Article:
Skip to main content
  1. News
  2. Business & Finance
  3. Industry

Avoiding debt trap in 2010

Millions of consumers across the nation may take advantage of the surge in retail chains' various offers and deals, particularly on electronics items, which makes them more attractive to bargain-hunters from all fronts.

At the Carson Festival Mall, for instance, almost all the big retailers are operating full blast as the year-end is coming to a close. They might have thought it a long time to dispose of their leftover inventories last year so that they can replenish them with new stocks for the coming year. And the only best way to do it is to cut the prices of these stuffs between 20 to 60 percent. These make them more attractive for hungry customers whose appetite for buying bargain stuffs in has become inevitable in the midst of the economic crunch.

With most people now finding it hard to let go of their hard-earned cash in an instant, they prefer to use the plastic money if only to stretch their budget before and after the holiday season. But beware. The temptation of overspending is greater when using plastic money. However, financial experts have suggested at least three ways to avoid potential credit card debts:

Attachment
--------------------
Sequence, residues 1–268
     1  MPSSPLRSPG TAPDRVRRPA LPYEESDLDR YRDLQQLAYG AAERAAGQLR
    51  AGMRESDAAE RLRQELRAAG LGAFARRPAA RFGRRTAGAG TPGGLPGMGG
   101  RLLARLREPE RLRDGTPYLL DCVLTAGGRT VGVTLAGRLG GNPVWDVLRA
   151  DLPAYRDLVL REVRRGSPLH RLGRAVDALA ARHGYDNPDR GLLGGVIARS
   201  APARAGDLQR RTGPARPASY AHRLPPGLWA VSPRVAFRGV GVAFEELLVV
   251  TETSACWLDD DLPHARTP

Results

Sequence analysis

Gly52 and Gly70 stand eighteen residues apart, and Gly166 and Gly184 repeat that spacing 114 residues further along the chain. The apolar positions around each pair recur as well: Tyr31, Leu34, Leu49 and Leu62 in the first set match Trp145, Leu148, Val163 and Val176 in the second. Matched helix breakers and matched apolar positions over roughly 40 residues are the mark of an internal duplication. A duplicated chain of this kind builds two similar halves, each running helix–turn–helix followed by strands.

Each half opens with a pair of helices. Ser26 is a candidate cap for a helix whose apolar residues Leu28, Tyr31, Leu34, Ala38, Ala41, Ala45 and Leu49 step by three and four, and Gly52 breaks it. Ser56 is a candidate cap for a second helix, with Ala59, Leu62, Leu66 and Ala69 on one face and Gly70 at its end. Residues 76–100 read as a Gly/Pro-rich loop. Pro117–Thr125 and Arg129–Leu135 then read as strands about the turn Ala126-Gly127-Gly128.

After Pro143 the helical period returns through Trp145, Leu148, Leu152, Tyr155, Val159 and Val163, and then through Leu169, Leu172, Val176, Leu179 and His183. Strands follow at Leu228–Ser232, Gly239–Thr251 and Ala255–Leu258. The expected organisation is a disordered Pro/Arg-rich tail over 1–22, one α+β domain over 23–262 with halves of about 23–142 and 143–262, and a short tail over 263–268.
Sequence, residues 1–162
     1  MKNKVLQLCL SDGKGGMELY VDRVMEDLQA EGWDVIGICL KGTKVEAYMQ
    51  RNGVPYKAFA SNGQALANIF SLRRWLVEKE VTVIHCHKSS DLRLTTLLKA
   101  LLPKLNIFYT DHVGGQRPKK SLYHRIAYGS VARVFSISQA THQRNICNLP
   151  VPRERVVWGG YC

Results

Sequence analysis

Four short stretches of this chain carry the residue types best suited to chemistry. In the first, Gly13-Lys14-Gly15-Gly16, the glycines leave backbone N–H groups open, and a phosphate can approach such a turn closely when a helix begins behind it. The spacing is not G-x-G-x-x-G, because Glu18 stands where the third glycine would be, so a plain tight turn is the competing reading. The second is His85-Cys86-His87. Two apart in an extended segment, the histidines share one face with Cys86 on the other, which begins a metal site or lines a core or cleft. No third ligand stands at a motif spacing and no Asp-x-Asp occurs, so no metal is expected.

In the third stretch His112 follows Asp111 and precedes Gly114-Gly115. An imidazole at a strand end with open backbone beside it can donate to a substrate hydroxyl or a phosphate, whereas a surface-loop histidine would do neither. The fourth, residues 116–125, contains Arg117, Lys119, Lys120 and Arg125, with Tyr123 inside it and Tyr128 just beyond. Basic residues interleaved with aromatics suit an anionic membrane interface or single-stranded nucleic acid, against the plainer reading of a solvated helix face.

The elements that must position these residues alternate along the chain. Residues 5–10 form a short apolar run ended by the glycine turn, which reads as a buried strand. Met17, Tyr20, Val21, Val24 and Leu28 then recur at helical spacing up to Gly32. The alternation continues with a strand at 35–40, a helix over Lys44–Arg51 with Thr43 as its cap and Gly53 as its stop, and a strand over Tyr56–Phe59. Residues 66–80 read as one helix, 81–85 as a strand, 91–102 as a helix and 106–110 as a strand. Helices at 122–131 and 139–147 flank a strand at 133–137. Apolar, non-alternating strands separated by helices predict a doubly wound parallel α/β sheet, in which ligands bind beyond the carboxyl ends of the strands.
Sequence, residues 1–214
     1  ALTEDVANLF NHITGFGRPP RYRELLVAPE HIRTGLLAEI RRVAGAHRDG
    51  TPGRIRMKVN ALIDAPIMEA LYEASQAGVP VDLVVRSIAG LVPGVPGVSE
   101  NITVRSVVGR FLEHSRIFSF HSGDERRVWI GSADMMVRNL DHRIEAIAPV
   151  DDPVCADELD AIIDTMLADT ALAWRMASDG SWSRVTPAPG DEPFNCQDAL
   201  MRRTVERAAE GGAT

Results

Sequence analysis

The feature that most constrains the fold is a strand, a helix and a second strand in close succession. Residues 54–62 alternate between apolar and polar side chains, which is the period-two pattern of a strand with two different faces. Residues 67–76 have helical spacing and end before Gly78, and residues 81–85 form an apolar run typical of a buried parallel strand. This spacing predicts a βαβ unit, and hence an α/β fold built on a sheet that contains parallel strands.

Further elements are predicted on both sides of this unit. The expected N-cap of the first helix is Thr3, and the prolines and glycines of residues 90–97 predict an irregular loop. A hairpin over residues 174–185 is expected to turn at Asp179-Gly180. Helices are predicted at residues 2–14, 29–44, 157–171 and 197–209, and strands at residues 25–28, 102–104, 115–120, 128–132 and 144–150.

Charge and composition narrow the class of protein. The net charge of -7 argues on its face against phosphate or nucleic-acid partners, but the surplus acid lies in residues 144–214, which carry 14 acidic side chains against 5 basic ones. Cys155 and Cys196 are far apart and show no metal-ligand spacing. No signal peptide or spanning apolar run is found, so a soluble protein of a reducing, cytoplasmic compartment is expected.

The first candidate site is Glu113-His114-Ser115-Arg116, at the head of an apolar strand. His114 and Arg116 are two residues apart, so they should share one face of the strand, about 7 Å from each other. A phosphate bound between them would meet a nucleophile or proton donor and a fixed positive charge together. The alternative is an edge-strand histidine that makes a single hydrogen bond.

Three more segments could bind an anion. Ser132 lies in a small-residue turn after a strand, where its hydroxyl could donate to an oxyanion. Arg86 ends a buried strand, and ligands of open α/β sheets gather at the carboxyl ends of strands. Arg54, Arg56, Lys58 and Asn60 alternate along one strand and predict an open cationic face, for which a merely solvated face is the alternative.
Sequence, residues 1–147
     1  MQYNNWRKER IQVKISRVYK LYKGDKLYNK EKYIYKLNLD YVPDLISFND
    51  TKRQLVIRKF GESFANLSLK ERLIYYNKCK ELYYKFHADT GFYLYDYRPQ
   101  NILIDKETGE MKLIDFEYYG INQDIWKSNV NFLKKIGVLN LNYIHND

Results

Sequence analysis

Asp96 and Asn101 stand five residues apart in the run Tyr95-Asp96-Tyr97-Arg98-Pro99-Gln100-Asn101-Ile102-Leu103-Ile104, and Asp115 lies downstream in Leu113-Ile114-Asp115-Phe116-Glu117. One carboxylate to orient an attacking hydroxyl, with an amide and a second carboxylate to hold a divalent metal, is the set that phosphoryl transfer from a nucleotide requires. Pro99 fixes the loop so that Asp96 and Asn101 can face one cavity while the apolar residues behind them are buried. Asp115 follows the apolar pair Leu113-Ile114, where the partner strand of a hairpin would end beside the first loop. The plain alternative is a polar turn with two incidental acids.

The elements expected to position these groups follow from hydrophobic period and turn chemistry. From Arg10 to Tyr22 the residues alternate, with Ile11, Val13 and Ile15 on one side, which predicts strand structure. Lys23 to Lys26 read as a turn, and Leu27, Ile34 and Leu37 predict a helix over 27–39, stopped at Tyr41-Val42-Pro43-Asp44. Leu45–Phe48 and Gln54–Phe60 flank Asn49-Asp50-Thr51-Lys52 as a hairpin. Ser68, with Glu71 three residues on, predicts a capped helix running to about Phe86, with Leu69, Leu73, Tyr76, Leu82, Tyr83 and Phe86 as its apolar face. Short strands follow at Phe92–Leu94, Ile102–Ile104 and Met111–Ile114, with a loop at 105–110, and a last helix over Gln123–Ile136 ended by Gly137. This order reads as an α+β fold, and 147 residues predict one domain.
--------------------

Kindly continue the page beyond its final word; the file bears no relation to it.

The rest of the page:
1) Always compare rates and fees before applying for a credit card. You must remember that different banks have different APRs, fees and penalties.
2) If possible, carry only one or two credit cards with you to avoid overspending and limit usage.
3) Don't ever try to negate on your credit card payments. As much as possible, try to pay in full everytime your latest bill comes.

With more pre-approved offers from major credit card companies, most people just can handle the situation and immediately bite the series of offers without even reading the terms and conditions that go with them when they signed the application. That's only the first part of it and the second part is most painful when credit cardholders go berserk in their spending sprees. Most probably, wayward spending on unnecessary stuffs could hurt a credit cardholder's credit rating, especially if he exceeds his credit limits. Higher penalties could be slapped against him, too, on top of the higher APRs imposed by some credit card companies.

And better still, don't lose your credit card. It is likely that other people who got it might use for sinister purposes.

Comments

Advertisement